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Expanding regional rivalries: Saudi Arabia and Iran battle it out in Azerbaijan

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Credit: Wikimedia Commons

It’s the pot calling the kettle black. As Saudi Arabia accuses Iran of seeking to encircle it with its support for Houthi rebels in Yemen as well as Qatar, the kingdom and the Islamic republic are extending their bitter rivalry beyond the Middle East into the Caucasus.

The two countries’ latest battleground is oil-rich Azerbaijan, an authoritarian, majority Shia Muslim but secular former Soviet republic on Iran’s northern border with a substantial ethnic population in Iran itself. Recent Saudi overtures came amid reports that Azerbaijan’ s security services had warned the government about Iran’s growing influence in the country.

The report suggested that an informal lifting in 2013 of a ban on preaching by Islamic scholars linked to Iran that had been quietly imposed in a bid to stem the flow of Azerbaijani Sunni Muslims joining the Islamic State in Syria and Iraq had enabled the Islamic republic to make inroads.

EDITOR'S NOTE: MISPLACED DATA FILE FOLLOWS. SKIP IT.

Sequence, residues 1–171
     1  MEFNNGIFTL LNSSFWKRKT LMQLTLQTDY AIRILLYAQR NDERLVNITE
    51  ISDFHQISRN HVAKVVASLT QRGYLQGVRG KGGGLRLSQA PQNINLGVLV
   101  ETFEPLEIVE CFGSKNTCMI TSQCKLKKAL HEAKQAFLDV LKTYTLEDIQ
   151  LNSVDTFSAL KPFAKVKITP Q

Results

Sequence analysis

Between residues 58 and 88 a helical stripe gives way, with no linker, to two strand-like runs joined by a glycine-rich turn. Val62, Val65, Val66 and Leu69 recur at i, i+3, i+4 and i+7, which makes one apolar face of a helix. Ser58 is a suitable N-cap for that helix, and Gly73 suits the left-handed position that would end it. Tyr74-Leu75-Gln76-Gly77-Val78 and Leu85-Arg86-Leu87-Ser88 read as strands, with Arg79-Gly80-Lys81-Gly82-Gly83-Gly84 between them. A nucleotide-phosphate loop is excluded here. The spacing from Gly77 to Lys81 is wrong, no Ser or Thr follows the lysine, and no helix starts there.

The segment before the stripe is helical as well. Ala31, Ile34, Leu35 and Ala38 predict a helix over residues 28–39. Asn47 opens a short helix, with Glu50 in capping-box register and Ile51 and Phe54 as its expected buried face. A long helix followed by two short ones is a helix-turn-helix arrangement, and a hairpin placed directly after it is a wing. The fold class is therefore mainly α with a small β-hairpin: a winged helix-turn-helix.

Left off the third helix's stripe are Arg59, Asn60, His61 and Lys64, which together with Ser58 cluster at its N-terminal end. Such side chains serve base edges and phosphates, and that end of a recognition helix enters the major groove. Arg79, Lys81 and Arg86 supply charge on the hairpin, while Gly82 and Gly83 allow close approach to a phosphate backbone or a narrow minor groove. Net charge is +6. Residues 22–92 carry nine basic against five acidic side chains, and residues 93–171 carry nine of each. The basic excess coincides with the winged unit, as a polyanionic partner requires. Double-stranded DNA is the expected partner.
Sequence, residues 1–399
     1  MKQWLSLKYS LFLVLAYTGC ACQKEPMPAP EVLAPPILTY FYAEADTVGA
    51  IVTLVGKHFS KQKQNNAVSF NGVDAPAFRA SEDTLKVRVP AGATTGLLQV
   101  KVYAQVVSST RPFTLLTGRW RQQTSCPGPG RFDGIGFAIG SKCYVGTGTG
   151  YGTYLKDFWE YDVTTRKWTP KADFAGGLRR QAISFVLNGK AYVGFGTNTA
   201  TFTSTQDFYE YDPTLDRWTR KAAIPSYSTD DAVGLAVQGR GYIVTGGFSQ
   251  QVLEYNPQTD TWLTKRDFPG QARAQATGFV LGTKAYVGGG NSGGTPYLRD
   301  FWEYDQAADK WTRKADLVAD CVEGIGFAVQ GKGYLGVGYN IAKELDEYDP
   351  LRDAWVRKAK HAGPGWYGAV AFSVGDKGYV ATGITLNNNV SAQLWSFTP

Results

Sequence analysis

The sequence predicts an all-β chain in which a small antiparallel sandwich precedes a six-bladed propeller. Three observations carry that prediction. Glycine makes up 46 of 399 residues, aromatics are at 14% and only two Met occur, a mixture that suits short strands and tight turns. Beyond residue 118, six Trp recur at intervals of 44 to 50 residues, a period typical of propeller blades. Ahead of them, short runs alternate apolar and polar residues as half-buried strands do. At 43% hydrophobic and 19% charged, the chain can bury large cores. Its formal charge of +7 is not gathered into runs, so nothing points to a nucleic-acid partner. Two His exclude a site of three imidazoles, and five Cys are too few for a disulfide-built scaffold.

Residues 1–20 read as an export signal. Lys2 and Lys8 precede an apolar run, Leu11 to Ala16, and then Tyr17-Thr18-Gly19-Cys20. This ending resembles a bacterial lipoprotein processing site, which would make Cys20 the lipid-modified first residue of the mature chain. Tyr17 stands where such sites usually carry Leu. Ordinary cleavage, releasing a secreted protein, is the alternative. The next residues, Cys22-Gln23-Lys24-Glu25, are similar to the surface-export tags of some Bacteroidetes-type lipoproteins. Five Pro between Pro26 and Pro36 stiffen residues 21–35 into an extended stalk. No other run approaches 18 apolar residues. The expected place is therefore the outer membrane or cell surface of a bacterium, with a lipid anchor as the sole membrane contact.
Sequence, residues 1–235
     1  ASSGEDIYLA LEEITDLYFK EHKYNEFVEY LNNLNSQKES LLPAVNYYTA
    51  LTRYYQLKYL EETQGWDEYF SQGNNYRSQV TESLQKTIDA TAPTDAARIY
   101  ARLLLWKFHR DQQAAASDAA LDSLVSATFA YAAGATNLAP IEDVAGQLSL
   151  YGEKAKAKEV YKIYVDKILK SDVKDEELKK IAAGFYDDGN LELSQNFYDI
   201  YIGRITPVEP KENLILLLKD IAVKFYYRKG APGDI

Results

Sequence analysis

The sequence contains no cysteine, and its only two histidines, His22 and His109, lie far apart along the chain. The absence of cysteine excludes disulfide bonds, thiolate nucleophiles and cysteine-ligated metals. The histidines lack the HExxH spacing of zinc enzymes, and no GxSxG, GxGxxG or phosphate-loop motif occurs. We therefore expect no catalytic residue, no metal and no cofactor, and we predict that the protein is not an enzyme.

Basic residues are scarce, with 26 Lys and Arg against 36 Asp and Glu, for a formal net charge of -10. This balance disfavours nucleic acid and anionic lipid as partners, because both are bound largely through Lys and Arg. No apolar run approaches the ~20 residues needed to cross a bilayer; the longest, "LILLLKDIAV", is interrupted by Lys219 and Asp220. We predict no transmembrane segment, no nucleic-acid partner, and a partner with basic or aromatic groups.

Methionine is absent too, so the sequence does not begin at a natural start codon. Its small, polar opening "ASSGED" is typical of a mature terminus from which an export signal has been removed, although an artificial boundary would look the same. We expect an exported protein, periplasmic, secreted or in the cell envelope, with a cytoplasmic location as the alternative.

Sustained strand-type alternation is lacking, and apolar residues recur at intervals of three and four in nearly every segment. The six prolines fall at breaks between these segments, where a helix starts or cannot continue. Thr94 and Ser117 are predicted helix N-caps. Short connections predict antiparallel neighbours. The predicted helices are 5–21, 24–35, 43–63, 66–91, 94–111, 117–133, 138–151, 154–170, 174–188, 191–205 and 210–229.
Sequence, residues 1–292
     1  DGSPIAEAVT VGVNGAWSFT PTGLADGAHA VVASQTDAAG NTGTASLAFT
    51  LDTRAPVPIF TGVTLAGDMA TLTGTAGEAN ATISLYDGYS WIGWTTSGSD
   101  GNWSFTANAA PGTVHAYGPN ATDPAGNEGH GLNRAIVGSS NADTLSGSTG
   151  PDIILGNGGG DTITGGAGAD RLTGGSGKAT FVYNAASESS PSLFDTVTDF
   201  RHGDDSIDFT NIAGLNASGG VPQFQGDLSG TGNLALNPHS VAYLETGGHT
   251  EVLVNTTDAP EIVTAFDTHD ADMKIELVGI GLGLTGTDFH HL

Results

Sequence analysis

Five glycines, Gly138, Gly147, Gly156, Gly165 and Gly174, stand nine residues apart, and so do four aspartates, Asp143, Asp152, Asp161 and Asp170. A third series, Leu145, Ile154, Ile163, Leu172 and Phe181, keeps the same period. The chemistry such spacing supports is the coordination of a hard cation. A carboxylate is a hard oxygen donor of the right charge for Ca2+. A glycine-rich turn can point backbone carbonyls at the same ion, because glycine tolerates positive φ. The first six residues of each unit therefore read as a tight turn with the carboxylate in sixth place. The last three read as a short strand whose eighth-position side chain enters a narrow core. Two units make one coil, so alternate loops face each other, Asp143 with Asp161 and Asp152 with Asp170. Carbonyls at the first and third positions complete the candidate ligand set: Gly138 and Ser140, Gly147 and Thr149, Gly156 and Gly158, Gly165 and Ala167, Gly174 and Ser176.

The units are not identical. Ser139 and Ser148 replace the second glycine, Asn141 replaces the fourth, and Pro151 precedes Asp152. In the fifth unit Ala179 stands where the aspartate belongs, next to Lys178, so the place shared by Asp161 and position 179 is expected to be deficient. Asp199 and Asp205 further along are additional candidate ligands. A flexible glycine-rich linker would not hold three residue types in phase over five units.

“Iran’s religious activities have become particularly successful,” said Azerbaijani journalist Kenan Rovshanoglu in a study of religious freedom in the country.

Published by Turan, an independent news agency, the study noted that 22 of Azerbaijan’s 150 madrassas or religious seminaries were controlled by Iran.

Iran and Azerbaijan have long tiptoed around each other with both countries concerned that the other could use its religious and/or ethnic affinities to stir trouble. Azeri speakers account for at least a quarter of Iran’s population.

Azerbaijan is, for its part, worried about Iran’s close ties with Armenia. Azerbaijan and Armenia are locked into a decades-long conflict over Nagorno-Karabakh, a disputed Armenian enclave in Azerbaijan.